U.S. Soybean Crop Seen Smaller as Midwest Drought Reduces Yields

Soybean output in the U.S., the world’s biggest producer, will be smaller than the government forecast last month after hot, dry Midwest weather eroded yield potential.

Farmers will harvest 3.149 billion bushels this year, compared with 3.255 billion (88.6 million metric tons) estimated in August and last year’s drought-damaged crop of 3.015 billion, the U.S. Department of Agriculture said today in a report. Analysts surveyed by Bloomberg News expected 3.134 billion.

Yields were forecast at 41.2 bushels an acre, in line with analyst expectations. Last month, the government predicted 42.6 bushels, up from 39.6 a year earlier. Harvested acreage was forecast at 76.4 million acres, unchanged from last month and up from 76.1 million in 2012, the agency said.

Temperatures averaged as much as 8 degrees Fahrenheit above normal in the 30 days ended Sept. 8 in parts of the Midwest, according to data from the High Plains Regional Climate Center. Some fields from North Dakota to Ohio received less than 25 percent of normal rain during the period. Moderate to extreme drought conditions expanded to 29 percent of nine Midwest states as of Sept. 3, up from 3.5 percent three months earlier, government data show.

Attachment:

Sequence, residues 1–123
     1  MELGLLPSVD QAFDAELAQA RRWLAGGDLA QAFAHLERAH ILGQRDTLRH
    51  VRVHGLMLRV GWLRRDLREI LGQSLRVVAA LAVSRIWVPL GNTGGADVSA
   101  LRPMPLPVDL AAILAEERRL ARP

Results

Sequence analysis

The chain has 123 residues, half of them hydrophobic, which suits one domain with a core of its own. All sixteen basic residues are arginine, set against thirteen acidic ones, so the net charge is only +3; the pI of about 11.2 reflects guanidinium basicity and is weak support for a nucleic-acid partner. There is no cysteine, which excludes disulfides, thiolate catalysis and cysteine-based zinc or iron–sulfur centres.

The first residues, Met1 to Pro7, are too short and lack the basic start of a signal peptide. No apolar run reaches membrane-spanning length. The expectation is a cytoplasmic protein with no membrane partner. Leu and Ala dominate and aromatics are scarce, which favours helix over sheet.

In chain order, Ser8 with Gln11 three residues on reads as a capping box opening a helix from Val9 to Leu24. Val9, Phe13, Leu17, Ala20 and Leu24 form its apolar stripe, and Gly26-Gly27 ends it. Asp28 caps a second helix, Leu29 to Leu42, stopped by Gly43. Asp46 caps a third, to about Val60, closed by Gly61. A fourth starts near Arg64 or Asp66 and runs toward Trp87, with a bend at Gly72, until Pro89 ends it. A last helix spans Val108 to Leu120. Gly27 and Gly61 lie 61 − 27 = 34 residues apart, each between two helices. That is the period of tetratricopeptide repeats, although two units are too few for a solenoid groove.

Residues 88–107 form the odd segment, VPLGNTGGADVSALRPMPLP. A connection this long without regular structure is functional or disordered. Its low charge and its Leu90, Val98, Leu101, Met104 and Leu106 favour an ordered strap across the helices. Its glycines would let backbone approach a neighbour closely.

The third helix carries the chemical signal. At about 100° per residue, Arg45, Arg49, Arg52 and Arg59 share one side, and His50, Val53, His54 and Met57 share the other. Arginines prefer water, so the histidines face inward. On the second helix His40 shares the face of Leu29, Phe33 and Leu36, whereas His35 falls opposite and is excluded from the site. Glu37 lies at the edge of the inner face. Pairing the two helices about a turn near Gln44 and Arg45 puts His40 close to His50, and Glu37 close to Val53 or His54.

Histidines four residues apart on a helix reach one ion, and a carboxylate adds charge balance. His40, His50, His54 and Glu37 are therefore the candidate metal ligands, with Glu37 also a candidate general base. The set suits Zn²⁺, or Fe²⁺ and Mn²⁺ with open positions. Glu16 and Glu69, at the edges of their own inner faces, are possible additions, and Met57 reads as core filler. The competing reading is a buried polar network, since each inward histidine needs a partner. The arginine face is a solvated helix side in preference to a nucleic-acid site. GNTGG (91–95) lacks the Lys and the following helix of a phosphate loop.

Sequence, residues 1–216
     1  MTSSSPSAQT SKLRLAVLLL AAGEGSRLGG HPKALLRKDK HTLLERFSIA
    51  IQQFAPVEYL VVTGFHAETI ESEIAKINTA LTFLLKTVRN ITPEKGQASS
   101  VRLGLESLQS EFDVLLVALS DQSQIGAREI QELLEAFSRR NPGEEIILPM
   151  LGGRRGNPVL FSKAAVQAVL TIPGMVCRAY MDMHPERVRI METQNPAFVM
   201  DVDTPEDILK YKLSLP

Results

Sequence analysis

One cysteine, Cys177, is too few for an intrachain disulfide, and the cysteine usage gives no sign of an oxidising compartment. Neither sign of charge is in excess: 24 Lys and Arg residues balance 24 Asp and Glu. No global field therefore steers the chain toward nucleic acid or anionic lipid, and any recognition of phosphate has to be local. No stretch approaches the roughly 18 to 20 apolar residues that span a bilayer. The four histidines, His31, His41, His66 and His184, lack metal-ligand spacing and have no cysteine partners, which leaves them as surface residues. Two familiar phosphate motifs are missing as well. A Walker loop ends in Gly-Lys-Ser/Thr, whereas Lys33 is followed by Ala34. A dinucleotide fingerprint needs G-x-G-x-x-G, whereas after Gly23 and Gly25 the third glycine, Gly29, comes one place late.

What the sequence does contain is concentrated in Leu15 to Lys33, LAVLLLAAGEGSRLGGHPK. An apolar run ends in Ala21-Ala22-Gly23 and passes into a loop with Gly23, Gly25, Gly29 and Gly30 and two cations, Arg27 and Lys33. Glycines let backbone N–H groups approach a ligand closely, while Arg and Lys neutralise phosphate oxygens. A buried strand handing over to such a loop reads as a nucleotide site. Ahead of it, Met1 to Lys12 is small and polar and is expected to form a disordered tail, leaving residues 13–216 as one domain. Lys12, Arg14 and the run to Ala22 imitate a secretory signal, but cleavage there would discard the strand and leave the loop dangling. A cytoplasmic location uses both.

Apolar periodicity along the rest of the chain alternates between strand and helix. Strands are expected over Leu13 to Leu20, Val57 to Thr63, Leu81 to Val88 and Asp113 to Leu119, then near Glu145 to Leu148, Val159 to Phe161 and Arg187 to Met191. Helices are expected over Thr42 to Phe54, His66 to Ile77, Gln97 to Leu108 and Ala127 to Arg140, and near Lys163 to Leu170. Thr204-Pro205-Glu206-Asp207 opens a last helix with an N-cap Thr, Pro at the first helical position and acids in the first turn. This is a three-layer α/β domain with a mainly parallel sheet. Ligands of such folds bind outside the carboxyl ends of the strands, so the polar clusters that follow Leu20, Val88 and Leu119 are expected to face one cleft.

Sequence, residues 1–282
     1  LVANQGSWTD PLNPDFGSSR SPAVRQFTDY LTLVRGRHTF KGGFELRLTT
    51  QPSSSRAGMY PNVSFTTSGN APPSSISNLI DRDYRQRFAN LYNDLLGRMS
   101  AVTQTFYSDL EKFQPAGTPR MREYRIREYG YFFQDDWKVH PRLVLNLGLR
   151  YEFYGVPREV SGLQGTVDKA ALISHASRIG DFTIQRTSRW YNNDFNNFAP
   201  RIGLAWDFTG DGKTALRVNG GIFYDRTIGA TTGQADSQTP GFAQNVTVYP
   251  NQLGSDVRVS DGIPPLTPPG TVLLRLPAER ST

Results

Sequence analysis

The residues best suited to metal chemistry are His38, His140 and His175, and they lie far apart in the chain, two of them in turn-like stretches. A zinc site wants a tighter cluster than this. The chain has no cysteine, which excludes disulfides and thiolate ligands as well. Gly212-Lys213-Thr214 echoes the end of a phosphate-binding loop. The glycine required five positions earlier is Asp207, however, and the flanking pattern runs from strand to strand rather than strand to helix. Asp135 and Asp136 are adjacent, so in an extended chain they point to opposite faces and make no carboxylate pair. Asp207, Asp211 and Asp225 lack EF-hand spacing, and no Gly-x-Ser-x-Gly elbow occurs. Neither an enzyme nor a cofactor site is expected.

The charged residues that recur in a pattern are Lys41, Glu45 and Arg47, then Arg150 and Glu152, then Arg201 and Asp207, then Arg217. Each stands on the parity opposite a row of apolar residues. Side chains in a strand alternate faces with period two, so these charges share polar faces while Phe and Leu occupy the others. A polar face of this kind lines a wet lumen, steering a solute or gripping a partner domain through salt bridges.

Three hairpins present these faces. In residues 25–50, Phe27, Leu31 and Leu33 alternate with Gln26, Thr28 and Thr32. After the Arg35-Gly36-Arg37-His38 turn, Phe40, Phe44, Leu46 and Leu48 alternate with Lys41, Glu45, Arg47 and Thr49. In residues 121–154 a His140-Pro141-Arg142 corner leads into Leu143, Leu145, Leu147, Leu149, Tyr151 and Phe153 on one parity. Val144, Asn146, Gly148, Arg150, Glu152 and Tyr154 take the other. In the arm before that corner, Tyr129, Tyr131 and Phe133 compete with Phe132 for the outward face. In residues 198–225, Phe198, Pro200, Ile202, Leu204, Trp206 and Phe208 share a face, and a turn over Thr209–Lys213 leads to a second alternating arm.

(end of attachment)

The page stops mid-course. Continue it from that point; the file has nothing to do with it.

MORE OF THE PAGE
U.S. reserves on Aug. 31, 2014, before next year’s harvest, will total 150 million bushels, up from 125 million a year earlier, the agency said. The average estimate of 34 analysts surveyed by Bloomberg was 165 million bushels.

Global output in the crop year that begins Oct. 1 will be 281.66 million metric tons, compared with 281.72 million forecast last month, the USDA said. Worldwide inventories before the start of the 2014 Northern Hemisphere harvest will be 71.54 million tons, down from 72.27 million predicted in August, the USDA said. Traders expected reserves to fall to 71.1 million, on average.

Through yesterday, soybean futures on the Chicago Board of Trade tumbled 20 percent in the past year to $13.5825 a bushel.

The USDA raised its average farm gate price in the marketing year that began Sept. 1 to $12.50 a bushel from $11.35 a bushel forecast in August.

Before it's here, it's on the Bloomberg Terminal.